Can we reduce partisan animosity? Researchers find that highlighting commonalities and reducing extremist voices in the news media are among the ways to help overcome division.
Partisan animosity is a growing concern in the United States and abroad, but a new analysis outlines ways to potentially diminish a sentiment that has come to define today’s political landscape.
In an analysis of more than 40 studies, which appears in the journal Nature Human Behavior, a team of researchers spotlights multiple means to decrease political division:
- Correcting misconceptions and highlighting commonalities
- Building dialogue skills
- Changing public discourse and transforming political structures.
“No single strategy is likely to reduce polarization for every audience and every issue, so our analysis points to ways we can take targeted approaches to address different groups and circumstances,” says Kurt Gray, a professor of psychology and neuroscience and director of the Center for the Science of Moral Understanding in UNC-Chapel Hill’s College of Arts and Sciences and one of the authors of the paper.
“Reducing partisan animosity is surely a challenge, but this work shows that successful interventions can help partisans gain more accurate perceptions of each other and recognize the similarities they share,” adds Rachel Hartman, a doctoral student at UNC-Chapel Hill and the paper’s lead author.
The researchers add that the work is potentially applicable to other countries, which are also experiencing “the onset of pernicious polarization,” according to a January 2022 study by the Carnegie Endowment for International Peace.
“Although most studies for reducing partisan animosity focus on the United States, recent research also suggests that interventions developed to address American polarization can be highly effective for reducing partisan animosity in other countries,” notes co-author Jay Van Bavel, a professor in New York University’s Department of Psychology and co-author of The Power of Us: Harnessing Our Shared Identities to Improve Performance, Increase Cooperation, and Promote Social Harmony.
While partisan polarization has been a part of the U.S. political landscape for centuries, “(g)rowing shares in each party now describe those in the other party as more closed-minded, dishonest, immoral, and unintelligent than other Americans,” the Pew Research Center reported in August.
In an effort to identify potential ways to reduce partisan animosity, the researchers considered studies that focused on illuminating its nature and experiments aimed at diminishing it. Through this analysis, they were able to gain a greater understanding of what interventions are likely to be successful in lowering the partisan temperature that has come to define public life in the U.S.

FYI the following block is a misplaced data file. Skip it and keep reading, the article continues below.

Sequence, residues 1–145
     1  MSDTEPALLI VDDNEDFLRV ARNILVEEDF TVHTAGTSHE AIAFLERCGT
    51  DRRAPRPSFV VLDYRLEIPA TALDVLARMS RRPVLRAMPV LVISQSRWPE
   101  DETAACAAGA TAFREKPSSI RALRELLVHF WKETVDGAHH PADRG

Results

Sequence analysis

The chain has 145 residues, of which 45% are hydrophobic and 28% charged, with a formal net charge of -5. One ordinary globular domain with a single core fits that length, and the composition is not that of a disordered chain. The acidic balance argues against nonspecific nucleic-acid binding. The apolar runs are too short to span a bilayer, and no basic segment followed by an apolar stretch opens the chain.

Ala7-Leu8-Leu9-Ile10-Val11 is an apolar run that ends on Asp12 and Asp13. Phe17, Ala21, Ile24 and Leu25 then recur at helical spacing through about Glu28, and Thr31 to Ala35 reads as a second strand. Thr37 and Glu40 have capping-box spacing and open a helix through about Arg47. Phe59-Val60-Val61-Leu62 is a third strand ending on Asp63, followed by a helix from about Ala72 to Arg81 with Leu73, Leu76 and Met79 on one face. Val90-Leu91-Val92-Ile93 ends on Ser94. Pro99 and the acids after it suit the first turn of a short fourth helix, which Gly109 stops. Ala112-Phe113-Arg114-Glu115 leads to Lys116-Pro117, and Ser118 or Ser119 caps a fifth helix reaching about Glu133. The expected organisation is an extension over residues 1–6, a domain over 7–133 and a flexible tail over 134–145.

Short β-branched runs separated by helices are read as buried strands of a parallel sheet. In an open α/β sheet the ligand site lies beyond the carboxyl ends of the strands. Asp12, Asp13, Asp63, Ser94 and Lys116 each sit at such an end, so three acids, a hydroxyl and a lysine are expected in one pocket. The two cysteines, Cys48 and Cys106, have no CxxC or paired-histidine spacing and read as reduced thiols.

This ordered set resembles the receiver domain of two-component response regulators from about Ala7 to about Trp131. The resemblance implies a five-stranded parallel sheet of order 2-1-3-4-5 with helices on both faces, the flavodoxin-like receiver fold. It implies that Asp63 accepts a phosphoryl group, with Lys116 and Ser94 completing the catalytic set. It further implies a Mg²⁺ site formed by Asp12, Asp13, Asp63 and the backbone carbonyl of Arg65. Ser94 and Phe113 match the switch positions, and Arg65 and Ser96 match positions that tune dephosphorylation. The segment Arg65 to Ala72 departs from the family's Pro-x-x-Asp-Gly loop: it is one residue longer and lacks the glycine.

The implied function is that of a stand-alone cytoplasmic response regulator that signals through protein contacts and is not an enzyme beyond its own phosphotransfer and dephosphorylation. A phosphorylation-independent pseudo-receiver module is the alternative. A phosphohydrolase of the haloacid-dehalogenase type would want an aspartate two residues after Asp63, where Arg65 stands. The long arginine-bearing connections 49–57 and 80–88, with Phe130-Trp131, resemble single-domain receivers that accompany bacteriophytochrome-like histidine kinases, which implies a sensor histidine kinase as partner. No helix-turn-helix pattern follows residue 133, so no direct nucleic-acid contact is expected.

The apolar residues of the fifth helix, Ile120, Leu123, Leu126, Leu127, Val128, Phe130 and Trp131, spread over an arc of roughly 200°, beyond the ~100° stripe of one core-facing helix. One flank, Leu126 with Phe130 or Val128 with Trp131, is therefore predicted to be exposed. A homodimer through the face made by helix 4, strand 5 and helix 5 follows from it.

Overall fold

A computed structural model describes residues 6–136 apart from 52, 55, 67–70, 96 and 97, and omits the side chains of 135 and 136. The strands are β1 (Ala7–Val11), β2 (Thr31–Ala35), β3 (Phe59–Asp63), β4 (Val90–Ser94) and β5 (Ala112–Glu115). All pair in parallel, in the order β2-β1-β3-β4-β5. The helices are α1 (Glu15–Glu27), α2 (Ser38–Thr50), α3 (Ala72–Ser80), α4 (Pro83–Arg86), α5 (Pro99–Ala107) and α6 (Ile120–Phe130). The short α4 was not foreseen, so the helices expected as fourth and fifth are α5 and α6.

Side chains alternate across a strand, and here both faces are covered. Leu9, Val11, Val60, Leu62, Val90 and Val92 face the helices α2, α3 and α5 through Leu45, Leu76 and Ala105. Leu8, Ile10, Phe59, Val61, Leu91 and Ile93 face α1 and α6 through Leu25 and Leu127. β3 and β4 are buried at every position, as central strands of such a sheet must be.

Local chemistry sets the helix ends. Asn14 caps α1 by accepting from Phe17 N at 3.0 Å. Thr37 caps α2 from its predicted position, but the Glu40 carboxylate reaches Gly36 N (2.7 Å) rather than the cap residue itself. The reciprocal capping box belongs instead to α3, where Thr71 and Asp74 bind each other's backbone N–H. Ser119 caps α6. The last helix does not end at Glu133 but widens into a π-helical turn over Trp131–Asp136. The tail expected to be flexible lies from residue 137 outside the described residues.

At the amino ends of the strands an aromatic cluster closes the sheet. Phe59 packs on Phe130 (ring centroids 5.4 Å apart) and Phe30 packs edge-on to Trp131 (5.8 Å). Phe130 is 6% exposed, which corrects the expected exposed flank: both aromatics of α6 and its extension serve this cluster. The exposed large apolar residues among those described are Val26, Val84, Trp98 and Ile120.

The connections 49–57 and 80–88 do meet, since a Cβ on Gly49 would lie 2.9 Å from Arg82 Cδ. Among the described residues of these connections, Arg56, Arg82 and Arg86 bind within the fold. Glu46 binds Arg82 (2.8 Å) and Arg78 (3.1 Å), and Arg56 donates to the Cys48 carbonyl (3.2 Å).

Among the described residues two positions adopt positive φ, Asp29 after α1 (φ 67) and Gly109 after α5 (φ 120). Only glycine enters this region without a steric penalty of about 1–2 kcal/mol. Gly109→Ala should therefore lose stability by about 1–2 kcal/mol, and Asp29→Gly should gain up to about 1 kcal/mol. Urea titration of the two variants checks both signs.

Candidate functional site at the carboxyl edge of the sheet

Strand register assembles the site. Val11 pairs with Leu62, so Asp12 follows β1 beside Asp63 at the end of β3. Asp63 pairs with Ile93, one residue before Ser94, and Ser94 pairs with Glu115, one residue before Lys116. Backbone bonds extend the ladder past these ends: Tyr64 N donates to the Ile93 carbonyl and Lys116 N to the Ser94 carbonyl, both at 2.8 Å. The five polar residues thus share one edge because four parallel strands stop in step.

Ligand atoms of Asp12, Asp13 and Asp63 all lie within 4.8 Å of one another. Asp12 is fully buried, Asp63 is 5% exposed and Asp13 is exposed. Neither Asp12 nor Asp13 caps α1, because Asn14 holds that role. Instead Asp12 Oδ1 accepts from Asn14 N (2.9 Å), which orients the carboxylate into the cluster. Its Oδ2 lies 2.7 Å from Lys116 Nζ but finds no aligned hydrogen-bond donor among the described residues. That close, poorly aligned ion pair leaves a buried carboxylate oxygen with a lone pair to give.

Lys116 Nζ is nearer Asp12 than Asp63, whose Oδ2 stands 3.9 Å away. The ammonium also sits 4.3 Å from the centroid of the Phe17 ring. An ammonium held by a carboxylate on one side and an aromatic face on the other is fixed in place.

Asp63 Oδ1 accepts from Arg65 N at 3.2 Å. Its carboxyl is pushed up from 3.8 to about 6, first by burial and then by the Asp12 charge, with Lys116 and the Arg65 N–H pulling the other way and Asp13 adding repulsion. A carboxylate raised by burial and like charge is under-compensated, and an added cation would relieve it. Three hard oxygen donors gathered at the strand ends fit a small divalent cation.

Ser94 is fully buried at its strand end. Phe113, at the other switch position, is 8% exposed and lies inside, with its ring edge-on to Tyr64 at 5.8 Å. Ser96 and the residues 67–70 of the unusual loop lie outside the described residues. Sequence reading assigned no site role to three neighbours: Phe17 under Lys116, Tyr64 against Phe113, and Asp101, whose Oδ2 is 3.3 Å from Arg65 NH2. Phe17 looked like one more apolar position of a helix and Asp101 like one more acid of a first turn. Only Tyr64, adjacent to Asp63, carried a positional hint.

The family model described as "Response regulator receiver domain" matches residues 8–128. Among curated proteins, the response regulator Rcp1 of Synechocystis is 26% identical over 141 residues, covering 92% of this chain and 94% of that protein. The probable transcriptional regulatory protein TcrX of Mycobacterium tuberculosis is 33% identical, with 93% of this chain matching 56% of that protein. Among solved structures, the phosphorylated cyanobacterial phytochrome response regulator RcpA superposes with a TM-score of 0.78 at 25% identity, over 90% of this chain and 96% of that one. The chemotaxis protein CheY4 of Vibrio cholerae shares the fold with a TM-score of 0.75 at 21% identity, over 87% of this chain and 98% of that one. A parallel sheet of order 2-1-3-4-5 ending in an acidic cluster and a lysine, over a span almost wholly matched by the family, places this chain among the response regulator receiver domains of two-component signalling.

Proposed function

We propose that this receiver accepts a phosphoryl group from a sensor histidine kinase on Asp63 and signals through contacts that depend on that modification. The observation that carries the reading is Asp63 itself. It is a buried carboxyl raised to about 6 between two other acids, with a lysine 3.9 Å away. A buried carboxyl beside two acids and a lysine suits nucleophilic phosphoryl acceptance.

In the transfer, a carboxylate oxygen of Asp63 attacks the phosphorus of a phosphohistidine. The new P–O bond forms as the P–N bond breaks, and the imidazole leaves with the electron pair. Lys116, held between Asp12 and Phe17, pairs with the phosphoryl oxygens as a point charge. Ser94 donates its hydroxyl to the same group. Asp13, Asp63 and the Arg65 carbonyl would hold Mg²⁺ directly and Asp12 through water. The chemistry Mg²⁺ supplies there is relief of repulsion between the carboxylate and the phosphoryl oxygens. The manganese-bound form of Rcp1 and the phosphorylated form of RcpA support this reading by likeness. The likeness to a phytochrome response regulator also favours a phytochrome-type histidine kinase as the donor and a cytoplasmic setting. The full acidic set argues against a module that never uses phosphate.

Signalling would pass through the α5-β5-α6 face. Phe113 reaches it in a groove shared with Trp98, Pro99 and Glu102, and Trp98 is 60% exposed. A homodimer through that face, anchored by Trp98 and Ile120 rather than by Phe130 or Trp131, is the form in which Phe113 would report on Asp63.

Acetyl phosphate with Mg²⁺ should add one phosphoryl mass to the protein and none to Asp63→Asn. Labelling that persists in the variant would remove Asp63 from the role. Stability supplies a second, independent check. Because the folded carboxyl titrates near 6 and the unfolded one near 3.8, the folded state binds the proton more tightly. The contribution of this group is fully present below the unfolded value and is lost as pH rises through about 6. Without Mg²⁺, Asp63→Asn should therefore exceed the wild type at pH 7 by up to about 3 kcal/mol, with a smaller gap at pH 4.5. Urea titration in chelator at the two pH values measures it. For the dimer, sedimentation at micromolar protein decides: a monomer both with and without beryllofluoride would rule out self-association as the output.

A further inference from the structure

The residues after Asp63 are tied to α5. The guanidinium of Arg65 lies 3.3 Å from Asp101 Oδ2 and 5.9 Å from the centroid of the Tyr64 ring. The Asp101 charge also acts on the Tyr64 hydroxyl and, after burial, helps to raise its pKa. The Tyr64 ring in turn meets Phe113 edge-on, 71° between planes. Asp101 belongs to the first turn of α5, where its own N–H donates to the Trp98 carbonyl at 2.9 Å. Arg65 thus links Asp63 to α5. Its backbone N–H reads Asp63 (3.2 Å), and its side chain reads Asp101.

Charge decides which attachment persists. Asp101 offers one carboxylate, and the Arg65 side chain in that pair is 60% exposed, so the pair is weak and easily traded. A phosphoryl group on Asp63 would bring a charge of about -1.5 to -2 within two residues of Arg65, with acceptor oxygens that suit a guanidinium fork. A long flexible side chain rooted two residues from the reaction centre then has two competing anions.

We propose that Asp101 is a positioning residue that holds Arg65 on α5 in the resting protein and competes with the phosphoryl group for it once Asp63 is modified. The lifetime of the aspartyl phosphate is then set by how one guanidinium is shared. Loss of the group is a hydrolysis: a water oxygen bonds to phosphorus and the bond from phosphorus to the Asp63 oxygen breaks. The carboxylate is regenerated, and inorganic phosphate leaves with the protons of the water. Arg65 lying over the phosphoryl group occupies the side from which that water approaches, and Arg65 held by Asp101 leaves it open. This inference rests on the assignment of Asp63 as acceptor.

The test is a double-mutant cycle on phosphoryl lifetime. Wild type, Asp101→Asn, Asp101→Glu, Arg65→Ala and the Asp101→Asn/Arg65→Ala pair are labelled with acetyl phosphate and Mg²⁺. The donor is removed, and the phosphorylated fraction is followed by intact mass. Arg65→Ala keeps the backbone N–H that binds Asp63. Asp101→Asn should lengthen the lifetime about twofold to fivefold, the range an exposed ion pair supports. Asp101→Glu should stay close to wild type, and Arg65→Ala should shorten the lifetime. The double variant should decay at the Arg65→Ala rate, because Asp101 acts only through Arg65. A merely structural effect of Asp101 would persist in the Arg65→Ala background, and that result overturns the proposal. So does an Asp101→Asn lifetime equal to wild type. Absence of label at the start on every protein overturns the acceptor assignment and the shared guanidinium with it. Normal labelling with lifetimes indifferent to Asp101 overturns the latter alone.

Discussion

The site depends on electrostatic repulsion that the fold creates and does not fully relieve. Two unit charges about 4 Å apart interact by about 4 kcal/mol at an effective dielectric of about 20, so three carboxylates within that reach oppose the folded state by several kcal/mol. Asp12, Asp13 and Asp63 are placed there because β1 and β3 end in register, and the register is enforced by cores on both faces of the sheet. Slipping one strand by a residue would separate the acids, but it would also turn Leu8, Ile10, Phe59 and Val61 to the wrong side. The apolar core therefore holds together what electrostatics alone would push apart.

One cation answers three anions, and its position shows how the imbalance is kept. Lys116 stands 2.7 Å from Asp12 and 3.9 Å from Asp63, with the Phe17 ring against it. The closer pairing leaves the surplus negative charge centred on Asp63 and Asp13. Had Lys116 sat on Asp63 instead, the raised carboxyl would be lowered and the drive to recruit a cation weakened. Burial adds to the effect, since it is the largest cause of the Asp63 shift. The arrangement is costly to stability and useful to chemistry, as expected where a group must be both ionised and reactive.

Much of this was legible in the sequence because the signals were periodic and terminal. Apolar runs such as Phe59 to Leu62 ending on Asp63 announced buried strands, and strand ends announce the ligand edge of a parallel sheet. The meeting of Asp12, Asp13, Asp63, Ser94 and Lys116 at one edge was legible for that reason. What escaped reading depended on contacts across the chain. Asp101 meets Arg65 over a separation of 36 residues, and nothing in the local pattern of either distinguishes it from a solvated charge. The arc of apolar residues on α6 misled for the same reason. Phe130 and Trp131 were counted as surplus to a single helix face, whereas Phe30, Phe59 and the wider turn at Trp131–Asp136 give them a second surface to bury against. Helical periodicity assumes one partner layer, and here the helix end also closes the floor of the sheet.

Correcting Misconceptions and Highlighting Commonalities
The researchers acknowledge that correcting misconceptions “is challenging in many areas,” such as in debunking online misinformation and conspiracy theories, but also describe some interventions that have promise. For example, Republicans and Democrats overestimate the extent to which the other side demonizes them by anywhere from 50 percent to 300 percent. Debunking these misperceptions can reduce animosity.
Building Dialogue Skills
“Most people fear talking about politics, so they either avoid these conversations or have them online, where they can caricature and mock those on the other side,” the authors write. “Political moderates and those who are less polarized … are most likely to opt out of uncomfortable political conversations.” However, some studies have shown that “preparing people for constructive engagement not only made conversations more productive and enjoyable but also increased positive perceptions of political opponents,” they add.
Changing Public Discourse and Transforming Political Structures
“(I)n the current political climate, public discourse norms encourage hostility and animosity,” the authors observe. “On social media, where signaling outgroup dislike increases engagement, users are incentivized to increase antagonism, facilitate the spread of misinformation and stoke both tribalism and moral outrage.” This is also reflected in American political institutions, which “are structured in a way that exacerbates conflict and solidifies gridlock.”
Notably, however, previous scholarship has found opportunities for diminishing rancor. One study has shown that observing a warm interaction between Senate majority and minority leaders Chuck Schumer and Mitch McConnell significantly reduced participants’ outgroup animosity.
While the authors recognize the challenges to altering the two-party system, a source of partisan animosity, they point to the potential value of current electoral processes, such as open primaries and ranked-choice voting, as ways to improve the political climate.
Finally, the researchers see a role for the news media to play in addressing what ails the nation’s political culture.
“While a minority of Americans are very affectively polarized, most are not as polarized as many assume, nor are they strongly interested in politics,” they write. “If the media were to emphasize this lack of polarization, as some have, people may be motivated to conform to this descriptive norm of low partisan animosity.”
The study also included researchers from Duke University, Northwestern University, Johns Hopkins University, the University of California at Berkeley, Stanford University, and Essential Partners.